I have recently been trying some of the Dizzy Wax for salt and freshwater fishing and I have found on some days that the scent can certainly make a difference – but use it wisely. Anyone wishing for more info should drop me an email.

Bait fishing can also be very rewarding during July with the prime candidate being the worm.


Early reports after the big wet of early June indicate that not as much water went into Glenbawn, which could still be fairly low.

Glenbawn fishing can be very frustrating this month but on good days can be very rewarding. The quality of fish can be excellent but the numbers can be low.

The low water level before the rains meant there was plenty of timber for the bass, goldens and silvers to hold against as the water cools. It can get down to as low as 13° this month.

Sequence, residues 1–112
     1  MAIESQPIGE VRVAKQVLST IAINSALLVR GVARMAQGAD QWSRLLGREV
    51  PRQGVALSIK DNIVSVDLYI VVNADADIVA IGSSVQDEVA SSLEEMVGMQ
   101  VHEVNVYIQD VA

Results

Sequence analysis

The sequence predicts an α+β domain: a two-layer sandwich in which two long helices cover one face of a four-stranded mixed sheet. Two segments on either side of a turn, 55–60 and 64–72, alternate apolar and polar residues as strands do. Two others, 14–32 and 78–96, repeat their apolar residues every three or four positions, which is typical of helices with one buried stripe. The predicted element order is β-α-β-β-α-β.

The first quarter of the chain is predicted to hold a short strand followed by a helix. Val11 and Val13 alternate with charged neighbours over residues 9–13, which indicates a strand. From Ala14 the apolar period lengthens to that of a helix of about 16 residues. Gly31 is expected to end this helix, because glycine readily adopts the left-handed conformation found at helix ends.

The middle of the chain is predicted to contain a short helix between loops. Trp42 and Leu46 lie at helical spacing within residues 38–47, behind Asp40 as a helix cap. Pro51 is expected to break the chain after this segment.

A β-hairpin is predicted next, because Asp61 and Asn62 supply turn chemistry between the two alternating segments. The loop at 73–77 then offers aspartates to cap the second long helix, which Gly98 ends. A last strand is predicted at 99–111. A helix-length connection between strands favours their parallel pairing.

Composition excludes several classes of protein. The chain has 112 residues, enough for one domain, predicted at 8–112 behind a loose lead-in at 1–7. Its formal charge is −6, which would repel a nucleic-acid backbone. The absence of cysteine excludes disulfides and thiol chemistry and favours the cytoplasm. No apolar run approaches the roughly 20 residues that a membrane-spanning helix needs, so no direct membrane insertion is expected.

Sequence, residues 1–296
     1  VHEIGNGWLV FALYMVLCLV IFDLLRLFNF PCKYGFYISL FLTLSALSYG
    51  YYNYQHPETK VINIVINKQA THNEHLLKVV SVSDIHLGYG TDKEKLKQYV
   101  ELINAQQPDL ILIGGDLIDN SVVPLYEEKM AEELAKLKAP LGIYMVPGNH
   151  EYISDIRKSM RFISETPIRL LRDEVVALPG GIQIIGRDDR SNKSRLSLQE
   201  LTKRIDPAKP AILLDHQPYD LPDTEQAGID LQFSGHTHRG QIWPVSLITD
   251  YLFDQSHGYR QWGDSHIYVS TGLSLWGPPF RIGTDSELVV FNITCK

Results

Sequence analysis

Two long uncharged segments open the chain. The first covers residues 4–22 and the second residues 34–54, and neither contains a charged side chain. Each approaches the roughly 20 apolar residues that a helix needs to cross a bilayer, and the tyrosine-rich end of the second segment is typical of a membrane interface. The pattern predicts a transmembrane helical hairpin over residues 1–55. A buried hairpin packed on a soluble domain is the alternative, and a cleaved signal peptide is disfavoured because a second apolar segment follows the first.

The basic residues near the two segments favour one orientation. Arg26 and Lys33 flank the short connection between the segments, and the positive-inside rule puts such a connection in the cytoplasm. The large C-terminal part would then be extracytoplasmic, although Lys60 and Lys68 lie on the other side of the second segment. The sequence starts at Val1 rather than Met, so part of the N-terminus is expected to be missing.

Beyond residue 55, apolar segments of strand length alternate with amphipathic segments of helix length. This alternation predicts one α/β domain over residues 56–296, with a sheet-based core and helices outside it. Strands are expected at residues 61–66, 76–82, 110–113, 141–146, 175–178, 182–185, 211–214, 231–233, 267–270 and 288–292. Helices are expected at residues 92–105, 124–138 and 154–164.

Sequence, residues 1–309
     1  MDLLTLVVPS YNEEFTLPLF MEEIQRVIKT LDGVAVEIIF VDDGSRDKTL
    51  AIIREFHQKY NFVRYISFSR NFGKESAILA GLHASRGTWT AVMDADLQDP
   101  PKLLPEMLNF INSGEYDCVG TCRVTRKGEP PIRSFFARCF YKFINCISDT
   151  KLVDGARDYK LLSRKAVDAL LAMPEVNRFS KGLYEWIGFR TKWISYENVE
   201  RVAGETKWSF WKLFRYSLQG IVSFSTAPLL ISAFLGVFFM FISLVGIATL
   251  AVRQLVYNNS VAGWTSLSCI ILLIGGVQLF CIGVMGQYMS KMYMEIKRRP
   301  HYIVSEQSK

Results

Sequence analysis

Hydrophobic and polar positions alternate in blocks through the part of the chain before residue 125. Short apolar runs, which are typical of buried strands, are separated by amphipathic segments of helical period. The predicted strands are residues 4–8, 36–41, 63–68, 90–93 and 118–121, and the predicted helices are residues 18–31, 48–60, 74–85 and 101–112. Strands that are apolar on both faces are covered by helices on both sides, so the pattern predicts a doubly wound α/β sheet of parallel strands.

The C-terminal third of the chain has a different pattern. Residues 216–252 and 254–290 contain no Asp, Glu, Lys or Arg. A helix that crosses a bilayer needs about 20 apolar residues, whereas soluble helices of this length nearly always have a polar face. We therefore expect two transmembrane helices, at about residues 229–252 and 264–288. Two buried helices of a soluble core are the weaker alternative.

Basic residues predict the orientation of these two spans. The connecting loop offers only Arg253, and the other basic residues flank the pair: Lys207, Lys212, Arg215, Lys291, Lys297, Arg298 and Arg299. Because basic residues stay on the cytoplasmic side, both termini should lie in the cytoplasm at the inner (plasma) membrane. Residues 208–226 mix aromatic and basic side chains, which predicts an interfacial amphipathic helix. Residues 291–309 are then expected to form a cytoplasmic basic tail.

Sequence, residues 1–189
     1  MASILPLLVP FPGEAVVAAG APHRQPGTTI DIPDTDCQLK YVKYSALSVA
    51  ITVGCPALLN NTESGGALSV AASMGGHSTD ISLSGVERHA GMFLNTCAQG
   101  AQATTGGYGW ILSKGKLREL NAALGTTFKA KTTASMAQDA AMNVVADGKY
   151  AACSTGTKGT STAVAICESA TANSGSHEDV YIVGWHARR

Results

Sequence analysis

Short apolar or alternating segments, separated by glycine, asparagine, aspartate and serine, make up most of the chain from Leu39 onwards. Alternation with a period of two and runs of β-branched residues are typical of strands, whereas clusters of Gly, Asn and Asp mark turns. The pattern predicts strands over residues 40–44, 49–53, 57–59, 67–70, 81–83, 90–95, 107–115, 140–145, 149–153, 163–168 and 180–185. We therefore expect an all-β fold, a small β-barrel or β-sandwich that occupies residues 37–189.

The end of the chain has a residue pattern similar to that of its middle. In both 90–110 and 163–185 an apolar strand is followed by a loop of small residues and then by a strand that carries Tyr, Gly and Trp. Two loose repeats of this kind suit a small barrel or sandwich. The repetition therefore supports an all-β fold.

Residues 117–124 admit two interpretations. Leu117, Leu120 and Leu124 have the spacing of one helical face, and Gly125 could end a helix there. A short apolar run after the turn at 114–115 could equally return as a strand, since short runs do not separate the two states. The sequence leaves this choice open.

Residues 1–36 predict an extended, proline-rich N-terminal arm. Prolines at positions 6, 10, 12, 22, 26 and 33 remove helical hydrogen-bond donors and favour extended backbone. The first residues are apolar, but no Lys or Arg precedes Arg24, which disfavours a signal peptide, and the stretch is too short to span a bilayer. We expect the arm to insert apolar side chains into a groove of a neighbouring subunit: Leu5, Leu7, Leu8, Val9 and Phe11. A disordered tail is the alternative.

The fish like to hold in close to this timber because the trees transfer warmth into the adjacent water, attracting the bait and weed growth and giving food and cover in one.

When fishing close to the trees I firstly like to jig a lipless crankbait. Even if the fish won’t take it, it certainly stirs them up and you can see them very easily then on a good sounder, especially a colour version. You can then either drop a bait – a worm seems the best in July – a plastic (a Gulp seems to work best) on a very light jig head or even an ice jig.

For those wishing to spin for the fish I have found that downsizing lures is very important, especially in very clear water when fish spook easily when large lures hit the water. I have found that those Japanese lures mentioned above are excellent, especially in the more translucent patterns, worked slowly around structure and cover.